Auckland's Q Theatre are hosting Feminists are funny, a night of comedy, fundraising for a great cause -  the Auckland's Women Centre.  The host is Michelle A'Çourt, and amongst her troupe of fiercely funny feminists are Lana Walters and Ruby Esther, who join Lynn Freeman on the Laugh Track. 

Their choices include Chelsea Peretti, Adam Sandler, Nate Bargatze, Aisling Bea and Bo Burnham.

 

2:25  Keeping the Wow factor in WoW

Andy Packer

Andy Packer Photo: supplied

The Australian theatre director in charge of this country's biggest theatrical spectacular - the World of Wearable Art (Wow) - says he's hugely impressed with his Kiwi crew's can-do attitude to any challenges he throws their way.

Andy Packer has to take risks with Wow because after 30 years audiences have seen a lot of jaw-dropping spectacle and it gets harder to impress them.

Andy is the co-founder of Adelaide based theatre company Slingsby, that's toured to 12 countries as well as around Australia, and picked up a cabinet full of awards along the way.

Andy Packer won't share specifics of this year's event other than dropping hints about ancient monuments and ice-caves.

But he talked to Lynn Freeman about Slingsby's success story, and the fact they don't only produce Australian work:

This year's Wow spectacular opens in Wellington in September.

 

2:38  essa may ranapiri - nonbinary and proud

essa may ranapiri

essa may ranapiri Photo: supplied

No caption

Photo: supplied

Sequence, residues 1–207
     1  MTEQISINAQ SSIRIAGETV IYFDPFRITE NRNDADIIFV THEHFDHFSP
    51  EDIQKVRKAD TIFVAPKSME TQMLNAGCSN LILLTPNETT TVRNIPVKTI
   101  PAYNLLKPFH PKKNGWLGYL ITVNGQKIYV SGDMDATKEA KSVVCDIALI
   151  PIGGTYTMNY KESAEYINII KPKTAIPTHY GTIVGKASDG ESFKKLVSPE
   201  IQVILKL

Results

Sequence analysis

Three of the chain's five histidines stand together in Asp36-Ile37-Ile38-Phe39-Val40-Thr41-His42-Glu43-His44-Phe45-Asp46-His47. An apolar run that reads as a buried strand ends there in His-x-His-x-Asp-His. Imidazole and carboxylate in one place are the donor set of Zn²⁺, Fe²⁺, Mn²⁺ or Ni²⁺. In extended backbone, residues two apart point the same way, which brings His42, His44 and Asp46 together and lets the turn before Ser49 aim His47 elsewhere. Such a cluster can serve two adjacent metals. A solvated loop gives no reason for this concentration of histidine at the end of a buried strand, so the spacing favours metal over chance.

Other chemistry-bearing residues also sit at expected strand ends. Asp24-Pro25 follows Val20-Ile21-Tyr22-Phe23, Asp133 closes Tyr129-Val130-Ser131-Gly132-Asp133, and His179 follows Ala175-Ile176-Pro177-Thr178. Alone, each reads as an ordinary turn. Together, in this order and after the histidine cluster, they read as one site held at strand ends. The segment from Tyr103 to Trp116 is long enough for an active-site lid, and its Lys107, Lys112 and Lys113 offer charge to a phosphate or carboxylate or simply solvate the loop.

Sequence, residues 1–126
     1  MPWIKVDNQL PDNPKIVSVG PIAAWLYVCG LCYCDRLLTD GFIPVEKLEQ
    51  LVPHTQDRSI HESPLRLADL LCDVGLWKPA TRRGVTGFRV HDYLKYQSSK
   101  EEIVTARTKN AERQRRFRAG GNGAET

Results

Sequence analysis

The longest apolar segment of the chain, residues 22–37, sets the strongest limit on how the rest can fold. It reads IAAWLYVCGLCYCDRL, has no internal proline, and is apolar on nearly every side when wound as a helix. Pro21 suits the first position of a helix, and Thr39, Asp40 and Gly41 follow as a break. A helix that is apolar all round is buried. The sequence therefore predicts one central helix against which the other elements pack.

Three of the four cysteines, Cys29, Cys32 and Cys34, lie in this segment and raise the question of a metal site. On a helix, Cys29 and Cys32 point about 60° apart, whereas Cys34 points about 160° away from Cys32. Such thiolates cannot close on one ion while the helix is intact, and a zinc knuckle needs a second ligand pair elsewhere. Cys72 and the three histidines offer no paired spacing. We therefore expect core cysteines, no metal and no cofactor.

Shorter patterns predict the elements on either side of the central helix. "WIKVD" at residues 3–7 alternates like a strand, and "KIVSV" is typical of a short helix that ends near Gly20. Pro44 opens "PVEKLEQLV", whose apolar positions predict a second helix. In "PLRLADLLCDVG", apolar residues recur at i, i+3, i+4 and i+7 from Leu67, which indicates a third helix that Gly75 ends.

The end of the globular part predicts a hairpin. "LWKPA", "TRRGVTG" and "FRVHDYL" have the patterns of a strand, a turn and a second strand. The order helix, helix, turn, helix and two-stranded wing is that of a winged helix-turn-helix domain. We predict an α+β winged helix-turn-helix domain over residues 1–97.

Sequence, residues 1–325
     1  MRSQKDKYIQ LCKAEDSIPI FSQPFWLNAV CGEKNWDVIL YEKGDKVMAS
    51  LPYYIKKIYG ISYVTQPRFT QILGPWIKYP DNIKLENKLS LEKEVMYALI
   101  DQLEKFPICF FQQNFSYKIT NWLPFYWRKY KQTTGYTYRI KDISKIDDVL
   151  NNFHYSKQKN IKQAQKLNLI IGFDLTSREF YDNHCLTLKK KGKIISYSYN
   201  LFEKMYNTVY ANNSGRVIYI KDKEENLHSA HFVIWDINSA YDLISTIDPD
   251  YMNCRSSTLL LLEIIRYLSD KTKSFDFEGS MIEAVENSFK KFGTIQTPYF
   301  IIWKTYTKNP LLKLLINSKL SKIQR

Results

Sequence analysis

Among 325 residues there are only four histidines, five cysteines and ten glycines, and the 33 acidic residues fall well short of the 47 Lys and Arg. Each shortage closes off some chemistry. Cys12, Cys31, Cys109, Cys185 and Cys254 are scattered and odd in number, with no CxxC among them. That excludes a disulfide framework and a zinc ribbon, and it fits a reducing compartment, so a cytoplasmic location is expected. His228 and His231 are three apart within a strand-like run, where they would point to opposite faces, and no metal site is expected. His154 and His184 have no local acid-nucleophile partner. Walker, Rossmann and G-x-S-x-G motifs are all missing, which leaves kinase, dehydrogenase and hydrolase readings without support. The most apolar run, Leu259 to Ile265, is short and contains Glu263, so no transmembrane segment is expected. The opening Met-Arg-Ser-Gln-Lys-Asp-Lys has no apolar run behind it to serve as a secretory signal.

"The nonbinary individual is biologically nonbinary. The gonad does not determine gender.  In the nonbinary individual's personal experience they have a deep hatred for their own body - promoted by the cultural signifiers that idealize certain types of bodies as male and certain types of bodies as female".

These lines are taken from ransack, a book of poetry by essa may ranapiri, who writes candidly about their life, their observations and their frustrations as a nonbinary individual in a society that may be more aware of the term, but not necessarily what "nonbinary" really means.

The collection is peppered with letters essa writes to a fictional character they relate to - Virginia Woolf's gender-fluid character "Orlando".  Lynn Freeman talks to essa.

essa may ranapiri's poetry collection ransack is published by Victoria University Press.

 

2:49 A fired-up generation of activists inspires a new play

The recent student marches for action against climate change are a recent example of how this generation will take a stand on issues they deeply care about.

It's a timely backdrop for a new play Auckland youth theatre company Massive has commissioned from Wellington writer and Arts Laureate Jo Randerson.

Like A River stars five members of Massive's Nui Ensemble, which was also the starting point for the play's director Stef Fink.                                     

Lynn Fredeman speaks with Stef, as well as to one of the young cast, Elsie Polosovai.

Stef signed up to Sam Scott's Massive Theatre Company almost a decade ago - though she says she got off to a bad start!

Like a River premieres on the 23rd of July at Auckland's Basement Theatre before heading to Whangarei.

 

3:06 Drama at 3 - Michael James Manaia by James Broughtin

Fifty years ago, New Zealand had more than 500 troops in the Republic of South Vietnam.

It was the peak of the Kiwi deployment in the Vietnam war - a war that was unique because of its effects on those who took part.   They suffered not just the horrors of violent warfare, but also the toxic after-effects of powerful chemical sprays that shortened their lives and deformed their children and grand-children. They were also shunned and abused by anti-war advocates when they returned home.

Michael James Manaia is a raw, one-man play that tells the story of a Vietnam war veteran with both Maori and Pakeha ancestry. It won acclaim both for the playwright John Broughton and for Jim Moriarty, the actor who first performed it.

Playlist